Merge request conventions
This page describes GHC's conventions for handling merge requests and code review.
Title: GitLab maintains a convention where MRs whose title begins with
Draft:are marked as work in progress. This marker is understood to mean that review is not yet required. Perhaps a contributor will offer a review regardless, and contributors of Draft patches can request reviews from individuals. But if you mark your patch as Draft and it gets no reviews, that is why.
- Milestone: The first release which should contain the merge request (or a backported version of it)
Labels: This encodes a number of things including:
- The state of the merge request (e.g. ~"backport needed")
- The topical areas the merge request affects (e.g. simplifier)
- Whether the merge request affects the user-facing libraries shipped with GHC (the ~"user facing" label)
Merge request checklist
See the merge request description template for checklist of requirements for a merge request.
When reviewing a merge request here are a few things to check for:
- Are the commits logically structure? Are their commit messages descriptive?
- Are ticket numbers referenced as appropriate?
- Is a GHC release notes entry included (e.g.
- Have changelog entries been added to any changed packages (e.g.
- Has a test case been added?
- Milestone and ~"backport needed" label set as appropriate
- Does the patch add a significant new user-facing feature to GHC? If so perhaps a GHC proposal is in order.
- Does the patch change GHC's core libraries (e.g.
ghc-prim)? If so:
- Has the core libraries committee consented
- Has the user-facing label been applied?
- Has the head.hackage job been run to characterise the effect of the change on user code?
- Changelog and release notes entries are mandatory
- Have package versions been bumped as appropriate?
- Has an entry been added to the next release's migration guide?
To ensure that all interested reviewers have an opportunity to comment, please leave at least 24 hours between the time an MR is opened and assigning to @marge-bot.
After a patch has made it to
master it might be appropriate to backport it to the stable branch (e.g.
ghc-8.8). If backporting is desired first ensure that the issue is milestoned for the next minor release and mark the merge request containing the fix with the appropriate "backport needed" label(s) (e.g. backport needed:8.8).
While the release manager can perform the backport on your behalf, it is appreciated if you open a merge request with the backported patches yourself. There are two ways to backport a merge request:
- Via the web interface using the "Cherry-pick" button on the merged MR. While convenient, this is only possible if there are no merge conflicts with the stable branch. Be sure to select the correct target branch.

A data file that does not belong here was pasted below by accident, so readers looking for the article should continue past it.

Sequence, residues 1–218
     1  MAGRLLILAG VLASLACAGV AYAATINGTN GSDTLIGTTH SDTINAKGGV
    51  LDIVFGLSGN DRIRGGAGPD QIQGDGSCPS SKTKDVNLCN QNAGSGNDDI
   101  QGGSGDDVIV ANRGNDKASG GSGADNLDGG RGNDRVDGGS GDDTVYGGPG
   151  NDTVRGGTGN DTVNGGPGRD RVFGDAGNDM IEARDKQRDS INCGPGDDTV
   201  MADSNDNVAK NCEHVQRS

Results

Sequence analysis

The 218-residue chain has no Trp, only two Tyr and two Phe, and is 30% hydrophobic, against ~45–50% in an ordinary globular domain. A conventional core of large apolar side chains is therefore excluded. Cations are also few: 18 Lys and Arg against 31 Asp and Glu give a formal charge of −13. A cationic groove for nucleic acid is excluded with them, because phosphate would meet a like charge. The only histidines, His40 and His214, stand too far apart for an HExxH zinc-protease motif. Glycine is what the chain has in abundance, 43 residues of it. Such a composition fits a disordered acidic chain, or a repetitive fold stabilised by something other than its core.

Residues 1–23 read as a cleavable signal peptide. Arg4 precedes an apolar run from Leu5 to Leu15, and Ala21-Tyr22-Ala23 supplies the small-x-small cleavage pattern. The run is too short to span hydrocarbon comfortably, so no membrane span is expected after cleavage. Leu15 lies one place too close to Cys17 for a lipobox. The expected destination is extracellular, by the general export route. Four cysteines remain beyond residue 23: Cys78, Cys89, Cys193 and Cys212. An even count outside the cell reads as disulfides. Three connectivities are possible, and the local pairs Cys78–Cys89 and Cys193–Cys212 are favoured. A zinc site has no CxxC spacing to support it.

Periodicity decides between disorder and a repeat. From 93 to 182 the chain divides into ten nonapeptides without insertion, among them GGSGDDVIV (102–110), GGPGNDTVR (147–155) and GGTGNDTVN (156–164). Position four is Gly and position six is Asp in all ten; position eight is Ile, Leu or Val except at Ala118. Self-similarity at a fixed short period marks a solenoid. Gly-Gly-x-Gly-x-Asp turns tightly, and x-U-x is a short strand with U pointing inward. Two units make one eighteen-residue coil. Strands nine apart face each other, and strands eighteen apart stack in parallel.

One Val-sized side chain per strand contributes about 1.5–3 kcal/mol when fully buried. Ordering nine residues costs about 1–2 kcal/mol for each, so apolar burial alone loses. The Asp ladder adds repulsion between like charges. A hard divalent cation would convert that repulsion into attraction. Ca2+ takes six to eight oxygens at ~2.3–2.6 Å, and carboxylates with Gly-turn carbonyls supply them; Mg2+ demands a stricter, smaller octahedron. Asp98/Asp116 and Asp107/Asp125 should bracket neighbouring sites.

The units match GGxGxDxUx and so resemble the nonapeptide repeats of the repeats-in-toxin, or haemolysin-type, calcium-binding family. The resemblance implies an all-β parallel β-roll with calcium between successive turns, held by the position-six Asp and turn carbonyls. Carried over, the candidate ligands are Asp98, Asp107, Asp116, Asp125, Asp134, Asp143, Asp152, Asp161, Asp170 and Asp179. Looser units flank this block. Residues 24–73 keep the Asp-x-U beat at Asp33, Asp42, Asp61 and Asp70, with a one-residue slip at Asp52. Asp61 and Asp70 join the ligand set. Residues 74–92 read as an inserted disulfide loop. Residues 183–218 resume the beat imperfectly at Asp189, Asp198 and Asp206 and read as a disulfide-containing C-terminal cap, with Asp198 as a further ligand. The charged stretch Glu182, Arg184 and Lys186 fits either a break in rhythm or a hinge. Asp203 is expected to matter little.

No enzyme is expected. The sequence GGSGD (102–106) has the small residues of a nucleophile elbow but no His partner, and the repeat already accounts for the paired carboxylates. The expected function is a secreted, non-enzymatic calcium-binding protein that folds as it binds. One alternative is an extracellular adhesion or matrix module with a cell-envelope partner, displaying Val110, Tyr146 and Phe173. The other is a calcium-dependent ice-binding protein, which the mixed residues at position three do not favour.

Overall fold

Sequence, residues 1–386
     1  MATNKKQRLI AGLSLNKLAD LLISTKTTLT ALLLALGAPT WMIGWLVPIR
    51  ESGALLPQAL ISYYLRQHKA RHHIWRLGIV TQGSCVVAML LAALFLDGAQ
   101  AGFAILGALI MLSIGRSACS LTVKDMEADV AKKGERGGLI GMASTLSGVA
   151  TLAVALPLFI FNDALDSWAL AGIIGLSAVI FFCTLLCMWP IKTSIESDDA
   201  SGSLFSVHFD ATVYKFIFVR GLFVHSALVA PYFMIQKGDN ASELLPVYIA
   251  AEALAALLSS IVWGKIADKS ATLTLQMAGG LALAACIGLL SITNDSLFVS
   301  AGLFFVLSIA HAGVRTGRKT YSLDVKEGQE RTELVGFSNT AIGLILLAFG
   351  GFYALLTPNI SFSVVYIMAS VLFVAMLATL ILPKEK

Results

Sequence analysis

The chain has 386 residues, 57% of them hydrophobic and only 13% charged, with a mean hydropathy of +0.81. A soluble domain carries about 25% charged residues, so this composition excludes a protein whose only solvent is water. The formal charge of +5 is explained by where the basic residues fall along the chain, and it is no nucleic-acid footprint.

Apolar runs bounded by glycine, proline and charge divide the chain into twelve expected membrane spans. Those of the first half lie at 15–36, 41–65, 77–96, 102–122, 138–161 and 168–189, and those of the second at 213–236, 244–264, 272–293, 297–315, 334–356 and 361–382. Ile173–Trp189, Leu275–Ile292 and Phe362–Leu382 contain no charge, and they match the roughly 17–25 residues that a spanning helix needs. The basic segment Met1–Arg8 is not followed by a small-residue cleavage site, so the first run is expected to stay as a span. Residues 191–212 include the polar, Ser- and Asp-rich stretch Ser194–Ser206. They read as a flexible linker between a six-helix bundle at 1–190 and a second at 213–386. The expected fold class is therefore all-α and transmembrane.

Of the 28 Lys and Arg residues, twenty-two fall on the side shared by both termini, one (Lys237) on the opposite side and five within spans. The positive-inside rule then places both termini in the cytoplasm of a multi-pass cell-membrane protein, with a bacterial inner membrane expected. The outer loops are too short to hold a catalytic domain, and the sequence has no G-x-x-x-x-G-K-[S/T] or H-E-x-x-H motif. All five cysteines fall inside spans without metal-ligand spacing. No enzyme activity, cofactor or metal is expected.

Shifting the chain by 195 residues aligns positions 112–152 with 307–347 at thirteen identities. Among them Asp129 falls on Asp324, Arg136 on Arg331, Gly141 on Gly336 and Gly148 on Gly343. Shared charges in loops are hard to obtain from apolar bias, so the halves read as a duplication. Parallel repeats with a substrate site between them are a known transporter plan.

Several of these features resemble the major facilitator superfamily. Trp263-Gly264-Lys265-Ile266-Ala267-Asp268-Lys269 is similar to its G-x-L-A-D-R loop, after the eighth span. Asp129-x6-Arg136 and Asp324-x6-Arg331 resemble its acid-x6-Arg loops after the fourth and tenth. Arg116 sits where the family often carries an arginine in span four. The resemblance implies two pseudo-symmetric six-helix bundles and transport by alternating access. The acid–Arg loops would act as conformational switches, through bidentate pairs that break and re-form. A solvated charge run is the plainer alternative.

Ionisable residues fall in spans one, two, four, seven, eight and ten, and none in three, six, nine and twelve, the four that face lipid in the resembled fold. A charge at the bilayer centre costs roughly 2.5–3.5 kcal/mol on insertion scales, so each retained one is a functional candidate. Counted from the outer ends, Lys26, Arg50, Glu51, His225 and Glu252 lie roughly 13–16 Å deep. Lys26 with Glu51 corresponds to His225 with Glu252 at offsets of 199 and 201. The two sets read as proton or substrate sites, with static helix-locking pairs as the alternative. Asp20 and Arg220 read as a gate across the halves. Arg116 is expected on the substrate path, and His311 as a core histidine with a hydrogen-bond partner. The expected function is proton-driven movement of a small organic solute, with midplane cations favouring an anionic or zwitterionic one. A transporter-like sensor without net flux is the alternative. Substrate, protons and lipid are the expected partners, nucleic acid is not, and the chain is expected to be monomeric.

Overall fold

- Via the command-line using the
git cherry-pickcommand. In this case select the appropriate "backport" template (e.g.
backport-for-ghc-8.8) when creating your merge request.
After the merge request is created ensure it has the backport label applied and that its milestone is set appropriately.
Once the backport MR lands the ~"backport needed" label can be removed from the source MR.
This is a binary status for MR's (either marked
Draft or not).
What does it mean for an MR to be marked as Draft
- It generally means the MR in it's current form is not fit to be merged into master.
- The automated merge system (marge-bot) won't merge patches marked as draft into master.
- Maintainers are less likely to fix CI issues,review or rebase such patches.
- There is no guarantee a maintainer will look at an MR marked as Draft at all.
Why was my MR marked as Draft
There are a number of reasons why an MR might be marked as draft:
- The patch has been reviewed and some aspect of it needs to be addressed by the author.
- The patch is causing tests to fail on CI which need to be addressed. Either by fixing the patch or accepting new test output.
- The patch needs outside input to proceed (ghc-proposal approval, clc-proposal approval, upstream changes, community feedback)
- The patch is still being worked on.
When should I mark my MR as Ready
- If you want review or help on design and implementation aspects of your MR.
- If you think there are no remaining issues with your MR and it's ready to be merged into master.
- If CI fails but you suspect the failures are unrelated to the MR.
If you are in doubt it's always ok to mark your MR as ready. A MR not marked ready might never be seen by a maintainer. So it's better to mark your MR as ready than not.
Worst case a maintainer will mark it as Draft again if they think it's up to you to make changes to the MR before moving forward.
Why do we use a draft status
GHC sees a good number patches many of which change between needing maintainer attention and waiting on actions from the author frequently. In order to keep better track of in flight MRs which need the attention of maintainers we started used the Draft status as an indication of MRs which require maintainer attention verses MRs which do not.